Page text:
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Senate kills both impeachment articles against Homeland Security Secretary Alejandro Mayorkas


By Riley Beggin April 17, 2024

USA TODAY

Photo from Tripsavvy.com


WASHINGTON – The Senate voted to deem both articles of impeachment against Homeland Security Secretary Alejandro Mayorkas unconstitutional, killing the charges against the top Biden administration official despite protests from Republican lawmakers.

The Senate rejected the article accusing Mayorkas of "willful and systemic refusal to comply with the law" on a 51-48 vote. Sen. Lisa Murkowski, R-Alaska, voted "present," splitting from her fellow Republicans. The Senate dropped the second charge that Mayorkas oversaw a "breach of public trust" in a 51-49 vote.

The White House immediately applauded the move. Ian Sams, White House spokesperson for oversight and investigations called the proceedings a "baseless impeachment that even conservative legal scholars said was unconstitutional."


Before the Senate rejected the charges against Mayorkas, Republicans attempted to draw out the votes by setting up multiple procedural hurdles, such as calling to adjourn until the end of the month or, in one case, until after the 2024 presidential election. But each of those were overruled by the narrow Democratic majority, and the upper chamber adjourned the proceedings after just a few hours.

But as the chamber met to consider the House's impeachment of Mayorkas, Republicans and Democrats agreed on one thing – it was a historic moment.

Democrats panned the Republican House's effort as a remarkable misuse of impeachment powers that could have undermined America's system of checks and balances.

Senate Majority Leader Chuck Schumer, D-N.Y., said earlier in the day that his chamber was meeting to consider an impeachment for the third time in four years – the first two being impeachments of former President Donald Trump.

But "this time, Senators will preside as jurors in the least legitimate, least substantive, and most politicized impeachment trial in the history of the United States," Schumer said.

"The charges brought against Secretary Mayorkas fail to meet the high standard of high crimes and misdemeanors. To validate this gross abuse by the House would be a grave mistake and could set a dangerous precedent for the future," Schumer said.


The constitution sets "high crimes and misdemeanors" as the general bar for impeaching an official. Senate Democrats, who control the chamber by just one seat, voted that the articles didn't meet that bar.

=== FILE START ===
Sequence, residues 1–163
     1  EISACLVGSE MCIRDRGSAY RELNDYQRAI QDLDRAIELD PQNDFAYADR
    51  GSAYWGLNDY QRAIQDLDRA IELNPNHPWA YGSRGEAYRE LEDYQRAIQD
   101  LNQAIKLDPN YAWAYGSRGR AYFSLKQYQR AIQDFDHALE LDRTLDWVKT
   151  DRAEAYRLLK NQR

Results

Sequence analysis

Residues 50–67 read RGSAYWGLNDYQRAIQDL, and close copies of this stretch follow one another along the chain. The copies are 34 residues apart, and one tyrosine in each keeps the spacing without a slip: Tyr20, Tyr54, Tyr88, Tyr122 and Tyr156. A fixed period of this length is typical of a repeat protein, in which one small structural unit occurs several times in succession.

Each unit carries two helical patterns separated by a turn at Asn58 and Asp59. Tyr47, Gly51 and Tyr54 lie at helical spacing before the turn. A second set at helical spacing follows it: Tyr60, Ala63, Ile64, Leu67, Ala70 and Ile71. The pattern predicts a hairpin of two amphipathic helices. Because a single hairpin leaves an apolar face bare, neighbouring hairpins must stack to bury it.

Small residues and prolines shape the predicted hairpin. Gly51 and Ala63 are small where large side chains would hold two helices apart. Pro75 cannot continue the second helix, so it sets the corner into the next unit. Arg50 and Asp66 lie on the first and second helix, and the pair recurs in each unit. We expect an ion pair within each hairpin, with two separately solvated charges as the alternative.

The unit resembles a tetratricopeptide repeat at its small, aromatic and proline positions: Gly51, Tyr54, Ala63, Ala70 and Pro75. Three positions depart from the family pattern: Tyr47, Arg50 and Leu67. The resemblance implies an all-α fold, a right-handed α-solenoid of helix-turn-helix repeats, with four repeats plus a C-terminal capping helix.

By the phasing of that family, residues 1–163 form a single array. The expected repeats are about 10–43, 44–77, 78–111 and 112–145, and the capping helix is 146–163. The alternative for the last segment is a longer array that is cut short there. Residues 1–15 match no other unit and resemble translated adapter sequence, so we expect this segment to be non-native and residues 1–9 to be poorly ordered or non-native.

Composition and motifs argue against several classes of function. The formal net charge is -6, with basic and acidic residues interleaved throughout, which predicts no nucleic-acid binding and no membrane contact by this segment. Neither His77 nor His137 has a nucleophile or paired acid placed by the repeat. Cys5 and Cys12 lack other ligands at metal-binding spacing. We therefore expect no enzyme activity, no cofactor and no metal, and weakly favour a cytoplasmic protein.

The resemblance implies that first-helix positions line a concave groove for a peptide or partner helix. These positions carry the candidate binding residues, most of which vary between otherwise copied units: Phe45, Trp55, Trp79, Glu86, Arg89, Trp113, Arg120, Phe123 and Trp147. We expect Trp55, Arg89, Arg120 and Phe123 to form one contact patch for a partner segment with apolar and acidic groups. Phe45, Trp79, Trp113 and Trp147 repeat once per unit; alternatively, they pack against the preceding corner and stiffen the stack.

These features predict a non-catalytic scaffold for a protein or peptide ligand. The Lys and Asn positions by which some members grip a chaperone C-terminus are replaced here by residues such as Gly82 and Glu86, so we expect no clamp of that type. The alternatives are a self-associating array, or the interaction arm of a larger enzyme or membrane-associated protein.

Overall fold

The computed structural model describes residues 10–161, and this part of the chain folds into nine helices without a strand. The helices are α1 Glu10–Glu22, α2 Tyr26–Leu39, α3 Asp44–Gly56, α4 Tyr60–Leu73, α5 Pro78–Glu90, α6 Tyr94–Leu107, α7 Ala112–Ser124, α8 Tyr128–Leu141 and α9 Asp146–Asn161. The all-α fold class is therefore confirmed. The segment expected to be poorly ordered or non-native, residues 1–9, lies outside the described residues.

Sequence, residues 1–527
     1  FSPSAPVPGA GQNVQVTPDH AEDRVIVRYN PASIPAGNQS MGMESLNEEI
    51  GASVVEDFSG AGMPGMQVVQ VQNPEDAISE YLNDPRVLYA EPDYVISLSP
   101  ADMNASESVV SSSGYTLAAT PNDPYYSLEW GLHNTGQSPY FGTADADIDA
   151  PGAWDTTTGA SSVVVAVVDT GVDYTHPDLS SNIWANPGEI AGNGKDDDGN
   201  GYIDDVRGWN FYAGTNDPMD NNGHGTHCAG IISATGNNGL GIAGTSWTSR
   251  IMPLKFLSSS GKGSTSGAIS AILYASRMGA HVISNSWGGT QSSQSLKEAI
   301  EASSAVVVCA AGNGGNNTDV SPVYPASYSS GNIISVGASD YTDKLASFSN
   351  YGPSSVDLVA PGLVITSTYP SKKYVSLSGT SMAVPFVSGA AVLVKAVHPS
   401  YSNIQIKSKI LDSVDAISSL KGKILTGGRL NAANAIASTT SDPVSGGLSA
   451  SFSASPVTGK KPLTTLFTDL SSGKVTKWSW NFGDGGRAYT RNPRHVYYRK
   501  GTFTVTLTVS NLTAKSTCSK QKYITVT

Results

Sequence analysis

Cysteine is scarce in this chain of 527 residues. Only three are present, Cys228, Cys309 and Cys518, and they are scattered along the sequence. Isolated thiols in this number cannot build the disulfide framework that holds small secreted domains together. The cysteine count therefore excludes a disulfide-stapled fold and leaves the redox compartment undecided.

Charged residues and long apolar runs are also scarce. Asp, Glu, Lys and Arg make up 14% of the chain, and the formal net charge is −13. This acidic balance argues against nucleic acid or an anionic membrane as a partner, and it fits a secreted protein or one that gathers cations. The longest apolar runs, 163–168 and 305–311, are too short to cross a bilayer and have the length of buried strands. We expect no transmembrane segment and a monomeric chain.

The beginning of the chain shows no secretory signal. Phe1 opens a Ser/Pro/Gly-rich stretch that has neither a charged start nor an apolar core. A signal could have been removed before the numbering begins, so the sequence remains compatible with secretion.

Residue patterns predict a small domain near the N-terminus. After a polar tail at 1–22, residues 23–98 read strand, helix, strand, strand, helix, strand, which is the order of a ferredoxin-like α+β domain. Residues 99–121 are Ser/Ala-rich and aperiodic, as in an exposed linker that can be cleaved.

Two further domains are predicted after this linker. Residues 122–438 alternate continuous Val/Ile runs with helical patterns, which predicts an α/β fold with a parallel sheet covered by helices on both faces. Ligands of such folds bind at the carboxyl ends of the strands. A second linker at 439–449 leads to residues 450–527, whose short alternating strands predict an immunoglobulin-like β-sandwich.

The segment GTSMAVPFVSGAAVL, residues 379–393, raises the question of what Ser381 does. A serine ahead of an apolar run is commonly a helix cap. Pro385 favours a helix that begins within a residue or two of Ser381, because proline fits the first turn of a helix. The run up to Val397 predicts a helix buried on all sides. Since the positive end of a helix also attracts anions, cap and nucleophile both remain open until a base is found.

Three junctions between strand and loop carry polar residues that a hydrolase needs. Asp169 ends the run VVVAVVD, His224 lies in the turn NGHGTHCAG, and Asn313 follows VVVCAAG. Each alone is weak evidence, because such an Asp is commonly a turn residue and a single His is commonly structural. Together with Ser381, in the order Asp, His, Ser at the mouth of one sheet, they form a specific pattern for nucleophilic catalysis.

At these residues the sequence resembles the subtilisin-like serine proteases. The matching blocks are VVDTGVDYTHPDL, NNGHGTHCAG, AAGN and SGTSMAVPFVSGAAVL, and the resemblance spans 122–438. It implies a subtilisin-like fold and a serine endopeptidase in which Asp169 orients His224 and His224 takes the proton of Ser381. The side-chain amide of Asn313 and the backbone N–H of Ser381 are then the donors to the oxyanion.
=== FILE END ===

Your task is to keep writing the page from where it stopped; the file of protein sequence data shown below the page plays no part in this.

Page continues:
Nevertheless, Senate Republicans argued that Democrats were making a major mistake by pushing to dismiss the trial before it even began. Their GOP colleagues in the House charged Mayorkas with betraying the public trust and violating the Constitution by "willfully and systemically" refusing to enforce border security laws.


Senate Minority Leader Mitch McConnell, R-Ky., argued it was the Senate's duty to at least consider the House's charges. After the upper chamber voted, the top Republican said that "today is not a proud day in the history of the Senate."

"By doing what we just did, we have in effect ignored the directions of the House which were to have a trial. No evidence, no procedure," he added.

However, all but five Republicans – including McConnell – voted to dismiss the impeachment trial against Trump in 2021 after the Jan. 6 attack on the U.S. Capitol building. GOP lawmakers didn't have the votes at the time to nix the charges against the then-president.

Republicans argued this week that Democrats set a new precedent that would allow future senators to dismiss impeachments without a trial, one that could come back to haunt them. Sen. Mike Lee, R-Utah, who leads an ultraconservative faction of the Senate GOP, argued on the floor following the vote: "What we just witnessed is truly historic."


Schumer, speaking to reporters after the vote, said it would have set an even more dangerous precedent to allow an impeachment over policy disagreements. "If we allowed that to happen, it would set a disastrous precedent for Congress. It could throw our system of checks and balances into cycles of chaos."

The Republican-led House voted to impeach Mayorkas in February by a count of 214-213, making him the second cabinet secretary in American history to be impeached (the first was nearly 150 years ago.) No Democrats supported the effort, and a few Republicans also voted against it.

Even if Democrats changed their minds and agreed to a trial in the Senate, it was always extremely unlikely that Mayorkas would be convicted. It would require support from two-thirds of senators, and all Democrats and several Republicans argued the charges were frivolous.

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